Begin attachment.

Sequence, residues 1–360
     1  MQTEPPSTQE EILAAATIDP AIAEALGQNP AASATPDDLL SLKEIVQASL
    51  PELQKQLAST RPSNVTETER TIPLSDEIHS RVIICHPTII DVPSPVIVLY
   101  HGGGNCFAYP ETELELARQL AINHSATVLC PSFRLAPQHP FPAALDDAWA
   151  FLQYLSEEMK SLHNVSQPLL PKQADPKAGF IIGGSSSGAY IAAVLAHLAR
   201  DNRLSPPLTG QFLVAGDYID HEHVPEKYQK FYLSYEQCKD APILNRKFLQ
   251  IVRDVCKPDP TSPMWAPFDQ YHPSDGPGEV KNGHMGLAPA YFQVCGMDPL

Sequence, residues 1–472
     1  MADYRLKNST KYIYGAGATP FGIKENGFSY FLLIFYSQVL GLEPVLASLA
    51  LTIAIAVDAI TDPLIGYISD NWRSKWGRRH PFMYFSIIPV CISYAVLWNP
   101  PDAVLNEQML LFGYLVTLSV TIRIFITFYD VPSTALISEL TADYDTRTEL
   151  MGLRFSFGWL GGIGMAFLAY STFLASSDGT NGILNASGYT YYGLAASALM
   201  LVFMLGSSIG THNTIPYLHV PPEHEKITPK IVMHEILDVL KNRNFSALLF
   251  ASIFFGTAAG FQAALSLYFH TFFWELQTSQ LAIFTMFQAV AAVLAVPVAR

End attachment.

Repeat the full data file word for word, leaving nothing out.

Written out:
Sequence, residues 1–360
     1  MQTEPPSTQE EILAAATIDP AIAEALGQNP AASATPDDLL SLKEIVQASL
    51  PELQKQLAST RPSNVTETER TIPLSDEIHS RVIICHPTII DVPSPVIVLY
   101  HGGGNCFAYP ETELELARQL AINHSATVLC PSFRLAPQHP FPAALDDAWA
   151  FLQYLSEEMK SLHNVSQPLL PKQADPKAGF IIGGSSSGAY IAAVLAHLAR
   201  DNRLSPPLTG QFLVAGDYID HEHVPEKYQK FYLSYEQCKD APILNRKFLQ
   251  IVRDVCKPDP TSPMWAPFDQ YHPSDGPGEV KNGHMGLAPA YFQVCGMDPL

Sequence, residues 1–472
     1  MADYRLKNST KYIYGAGATP FGIKENGFSY FLLIFYSQVL GLEPVLASLA
    51  LTIAIAVDAI TDPLIGYISD NWRSKWGRRH PFMYFSIIPV CISYAVLWNP
   101  PDAVLNEQML LFGYLVTLSV TIRIFITFYD VPSTALISEL TADYDTRTEL
   151  MGLRFSFGWL GGIGMAFLAY STFLASSDGT NGILNASGYT YYGLAASALM
   201  LVFMLGSSIG THNTIPYLHV PPEHEKITPK IVMHEILDVL KNRNFSALLF
   251  ASIFFGTAAG FQAALSLYFH TFFWELQTSQ LAIFTMFQAV AAVLAVPVAR